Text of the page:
Noise Nuisance from Motor Sports
22 March 2011
Lawrence and Shields v. Fen Tigers Ltd and Others  EWHC 360 (QB)
In March 2011 the High Court found in favour of two Suffolk residents claiming that the operators of a stadium and track used for speedway racing and banger racing created a noise nuisance. The Court granted an injunction against the operators limiting the noise that could be emitted from the racing venues and awarded damages for the historic impact. The case is the latest in a line of successful actions against motor sport operators (see our recent commentary on Watson v. Croft Promo-Sport) and this case is of particular interest for three reasons.
First, the Claimants claimed against the landlord as well as the tenants but His Honour Judge Richard Seymour QC held that a landlord cannot be liable in nuisance for acts of his tenant where premises, which are not themselves a nuisance, are let for a purpose which can be achieved without a nuisance, but the tenant chooses so to use a demised premises as to create a nuisance. The claim against the landlord was therefore dismissed.
Secondly, the operators of the stadium argued that, because the activities had been going on for over 20 years, they had acquired a prescriptive right to emit the noise. The Court dismissed this line of argument, holding that the law does not recognise an easement of noise and as such it was not possible to obtain one by prescription.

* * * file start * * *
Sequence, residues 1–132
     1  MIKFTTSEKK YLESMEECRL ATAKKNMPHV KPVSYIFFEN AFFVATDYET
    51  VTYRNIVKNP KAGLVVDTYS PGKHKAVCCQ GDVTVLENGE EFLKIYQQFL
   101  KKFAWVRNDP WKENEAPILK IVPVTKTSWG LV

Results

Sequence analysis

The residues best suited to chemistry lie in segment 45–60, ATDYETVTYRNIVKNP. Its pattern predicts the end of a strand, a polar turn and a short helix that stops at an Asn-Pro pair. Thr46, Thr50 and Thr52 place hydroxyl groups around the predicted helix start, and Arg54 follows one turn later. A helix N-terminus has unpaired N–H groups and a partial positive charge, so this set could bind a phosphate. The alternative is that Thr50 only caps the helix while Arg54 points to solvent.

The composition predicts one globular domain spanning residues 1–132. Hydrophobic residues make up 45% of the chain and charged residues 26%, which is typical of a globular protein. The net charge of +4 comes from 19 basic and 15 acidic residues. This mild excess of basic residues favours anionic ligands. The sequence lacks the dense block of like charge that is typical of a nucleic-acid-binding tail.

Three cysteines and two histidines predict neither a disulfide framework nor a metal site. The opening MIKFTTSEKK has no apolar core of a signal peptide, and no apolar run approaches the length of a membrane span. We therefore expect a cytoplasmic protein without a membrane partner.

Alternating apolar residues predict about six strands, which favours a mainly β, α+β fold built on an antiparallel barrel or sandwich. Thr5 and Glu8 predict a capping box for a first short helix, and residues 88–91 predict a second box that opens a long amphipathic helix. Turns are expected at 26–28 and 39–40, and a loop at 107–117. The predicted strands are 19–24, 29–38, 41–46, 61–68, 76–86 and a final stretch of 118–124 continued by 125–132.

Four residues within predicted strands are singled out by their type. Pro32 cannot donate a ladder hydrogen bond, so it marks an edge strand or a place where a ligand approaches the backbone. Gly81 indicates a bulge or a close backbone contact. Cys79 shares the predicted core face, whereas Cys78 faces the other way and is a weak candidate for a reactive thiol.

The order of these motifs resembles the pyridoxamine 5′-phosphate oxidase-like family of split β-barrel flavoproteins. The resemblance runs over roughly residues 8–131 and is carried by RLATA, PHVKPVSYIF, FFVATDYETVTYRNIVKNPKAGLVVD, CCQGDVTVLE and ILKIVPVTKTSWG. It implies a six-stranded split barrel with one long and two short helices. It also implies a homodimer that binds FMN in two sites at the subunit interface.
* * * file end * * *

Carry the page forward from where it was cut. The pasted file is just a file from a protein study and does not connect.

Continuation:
Thirdly, the Claimants claimed aggravated and exemplary damages for the Defendants' conduct which the Claimants said amounted to a campaign of harassment. The Court was not convinced on the evidence and refused to award aggravated and exemplary damages. The case demonstrates the high hurdle that needs to be overcome to succeed in a claim for aggravated and exemplary damages and it suggests that such remedies will remain relatively unusual in nuisance claims.
Businesses whose operations generate noise need to be aware that neighbouring businesses and local residents are increasingly looking towards the Courts to protect them from what they perceive to be excessively noisy activities in their neighbourhoods and, if successful, the injunctions awarded by the Courts can severely curtail the activities of the business and may shut down the business altogether. Landowners and businesses who receive complaints should engage with the complainant and take steps at an early stage to address their concerns to avoid expensive and time-consuming litigation.
Michael Barlow and Simon Tilling have considerable experience acting in noise disputes and Simon has recently lectured on the legal regime for the control of noise to the Institute of Licensing and the Environmental Law Foundation. For more information on our capabilities please contact Michael Barlow at firstname.lastname@example.org or Simon Tilling at email@example.com.